share|improve this answer
    
Thanks! That looks like exactly what I'm looking for... I'll give implementation a shot once I get back home after the weekend. It looks like I'll be reading up on Lambda Expressions as this is the first I've heard of them. –  Nick Sep 10 '11 at 17:31
up vote 0 down vote accepted

Okay, so I finished an implementation of my original desired interface. I was looking through Dennis' answer but eventually got lead to functors and I realized what I was looking for was a simple polymorphic solution. I failed to grasp before that I could create a non-templated base class with which to use for storing templated classes in vectors/arrays. I think this is what mheyman was trying to tell me... so I apologize I didn't get it right away. Just to clarify though I was really looking for the implementation solution for my own benefit and knowledge, not just a 3rd party library to get the job done. So I guess I would be looking for how Boost functions work, not just that they exist and are awesome.

If anyone is still interested here are the important parts of what I ended up with (minus some extraneous stuff and error checking):

  • EventFunctor is basically a pointer to member function template class
  • EventFunctorBase is the non-templated base class used to store them in a vector
  • The Event is dynamic cast using the templated type before being used to invoke the callback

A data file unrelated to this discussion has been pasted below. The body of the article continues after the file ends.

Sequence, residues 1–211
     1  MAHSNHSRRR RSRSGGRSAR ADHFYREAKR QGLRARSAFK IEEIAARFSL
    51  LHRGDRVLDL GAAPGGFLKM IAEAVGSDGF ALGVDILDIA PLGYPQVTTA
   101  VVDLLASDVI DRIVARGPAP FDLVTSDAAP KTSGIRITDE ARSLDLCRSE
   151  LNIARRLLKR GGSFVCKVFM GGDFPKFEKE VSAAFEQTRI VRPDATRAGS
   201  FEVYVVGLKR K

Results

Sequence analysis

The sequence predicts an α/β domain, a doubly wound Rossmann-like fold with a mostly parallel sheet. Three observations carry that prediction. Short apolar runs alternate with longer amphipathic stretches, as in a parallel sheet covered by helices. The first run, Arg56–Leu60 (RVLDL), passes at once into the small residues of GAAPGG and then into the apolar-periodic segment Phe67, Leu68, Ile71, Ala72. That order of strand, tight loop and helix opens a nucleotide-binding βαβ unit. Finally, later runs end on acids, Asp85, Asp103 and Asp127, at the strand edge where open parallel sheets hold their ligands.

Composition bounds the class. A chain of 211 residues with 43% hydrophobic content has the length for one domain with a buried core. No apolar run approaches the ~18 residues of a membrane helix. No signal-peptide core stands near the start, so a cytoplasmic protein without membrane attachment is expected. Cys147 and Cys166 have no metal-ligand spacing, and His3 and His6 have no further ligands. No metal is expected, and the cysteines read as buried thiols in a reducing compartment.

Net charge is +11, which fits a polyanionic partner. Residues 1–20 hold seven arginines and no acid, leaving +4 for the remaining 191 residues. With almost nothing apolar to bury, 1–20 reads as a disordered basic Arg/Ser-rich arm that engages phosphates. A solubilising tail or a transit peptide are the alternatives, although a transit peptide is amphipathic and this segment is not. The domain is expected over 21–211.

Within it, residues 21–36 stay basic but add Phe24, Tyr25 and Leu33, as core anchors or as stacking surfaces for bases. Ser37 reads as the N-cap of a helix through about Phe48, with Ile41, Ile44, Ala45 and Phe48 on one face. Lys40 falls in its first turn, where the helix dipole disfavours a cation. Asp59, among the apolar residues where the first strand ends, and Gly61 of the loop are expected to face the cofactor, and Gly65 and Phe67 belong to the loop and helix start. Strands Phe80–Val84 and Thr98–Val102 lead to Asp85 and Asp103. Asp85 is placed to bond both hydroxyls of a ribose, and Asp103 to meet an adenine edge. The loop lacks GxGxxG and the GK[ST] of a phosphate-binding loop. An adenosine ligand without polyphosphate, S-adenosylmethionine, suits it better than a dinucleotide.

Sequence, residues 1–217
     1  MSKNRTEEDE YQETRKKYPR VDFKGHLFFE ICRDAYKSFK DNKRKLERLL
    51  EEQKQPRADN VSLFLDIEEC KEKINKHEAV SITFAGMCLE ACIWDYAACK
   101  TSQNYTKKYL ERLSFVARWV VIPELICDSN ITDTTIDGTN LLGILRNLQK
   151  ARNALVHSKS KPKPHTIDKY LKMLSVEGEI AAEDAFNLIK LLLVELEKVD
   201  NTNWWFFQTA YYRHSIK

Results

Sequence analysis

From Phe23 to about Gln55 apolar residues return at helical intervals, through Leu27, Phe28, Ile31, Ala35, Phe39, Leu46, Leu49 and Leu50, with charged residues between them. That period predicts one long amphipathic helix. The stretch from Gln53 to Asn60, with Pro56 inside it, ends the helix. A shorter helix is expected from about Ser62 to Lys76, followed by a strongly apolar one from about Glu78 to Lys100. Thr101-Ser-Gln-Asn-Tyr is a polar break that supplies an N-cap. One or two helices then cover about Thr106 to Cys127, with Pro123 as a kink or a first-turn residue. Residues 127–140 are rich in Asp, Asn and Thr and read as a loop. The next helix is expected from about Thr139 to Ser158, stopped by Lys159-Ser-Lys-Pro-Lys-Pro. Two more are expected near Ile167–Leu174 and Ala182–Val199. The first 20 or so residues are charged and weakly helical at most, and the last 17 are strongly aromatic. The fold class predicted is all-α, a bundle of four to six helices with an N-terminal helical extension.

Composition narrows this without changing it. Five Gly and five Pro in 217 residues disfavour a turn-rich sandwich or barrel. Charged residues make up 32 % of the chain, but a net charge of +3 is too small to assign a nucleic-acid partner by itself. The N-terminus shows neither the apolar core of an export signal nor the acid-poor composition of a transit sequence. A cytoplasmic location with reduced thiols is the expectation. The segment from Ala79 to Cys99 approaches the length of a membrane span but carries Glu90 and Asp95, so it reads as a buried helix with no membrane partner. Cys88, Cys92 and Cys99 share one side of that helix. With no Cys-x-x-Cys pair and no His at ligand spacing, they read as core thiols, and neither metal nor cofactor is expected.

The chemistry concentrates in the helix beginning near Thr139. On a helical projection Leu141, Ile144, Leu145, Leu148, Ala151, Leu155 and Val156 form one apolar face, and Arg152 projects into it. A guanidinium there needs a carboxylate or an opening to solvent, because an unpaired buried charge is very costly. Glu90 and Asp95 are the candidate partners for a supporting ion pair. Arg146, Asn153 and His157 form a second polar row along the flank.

class EventDaemon
{
public:

    template <class CallbackClass, class EventType>
    void subscribe(
        const EventId eventId,
        CallbackClass* callbackClassInstancePtr,
        void (CallbackClass::*funcPtr)(const EventType&));

private:
    EventFunctorBase* callbacks_[MAX_NUM_EVENTS];
};

template <class CallbackClass, class EventType>
void EventDaemon::subscribe(
    const EventId eventId,
    CallbackClass* callbackClassInstancePtr,
    void (CallbackClass::*funcPtr)(const EventType&))
{
    callbacks_[eventId] = new EventFunctor<CallbackClass,EventType>(callbackClassInstancePtr,funcPtr);
}

class EventFunctorBase
{
public:
    EventFunctorBase();
    virtual ~EventFunctorBase();
    virtual void operator()(const Event& e)=0;
};

template <class CallbackClass, class EventType>
class EventFunctor : public EventFunctorBase
{
public:

    EventFunctor(
        CallbackClass* callbackClassInstancePtr,
        void (CallbackClass::*funcPtr)(const EventType&));

    virtual void operator()(const Event& e);

private:
    CallbackClass* callbackClassInstancePtr_;
    void (CallbackClass::*funcPtr_)(const EventType&);
};

template <class CallbackClass, class EventType>
EventFunctor<CallbackClass,EventType>::EventFunctor(
    CallbackClass* callbackClassInstancePtr,
    void (CallbackClass::*funcPtr)(const EventType&))
    :
    callbackClassInstancePtr_(callbackClassInstancePtr),
    funcPtr_(funcPtr)
{
}

template <class CallbackClass, class EventType>
/*virtual*/ void EventFunctor<CallbackClass,EventType>::operator()(const Event& e)
{
    (callbackClassInstancePtr_->*funcPtr_)(dynamic_cast<const EventType&>(e));
}

EventDaemon loop

while (true_)
{
    if (eventQueue_->empty())
    {
        // yield to other threads
    }
    else
    {
        Event* e = eventQueue_.pop();
        (*(callbacks_[e->ID]))(*e);
    }
}

My final steps here will be to try and remove the need to have the developer define an ID for each event... of course this might end up a new post later this week.

share|improve this answer

Your Answer

 
discard

By posting your answer, you agree to the privacy policy and terms of service.

Not the answer you're looking for? Browse other questions tagged or ask your own question.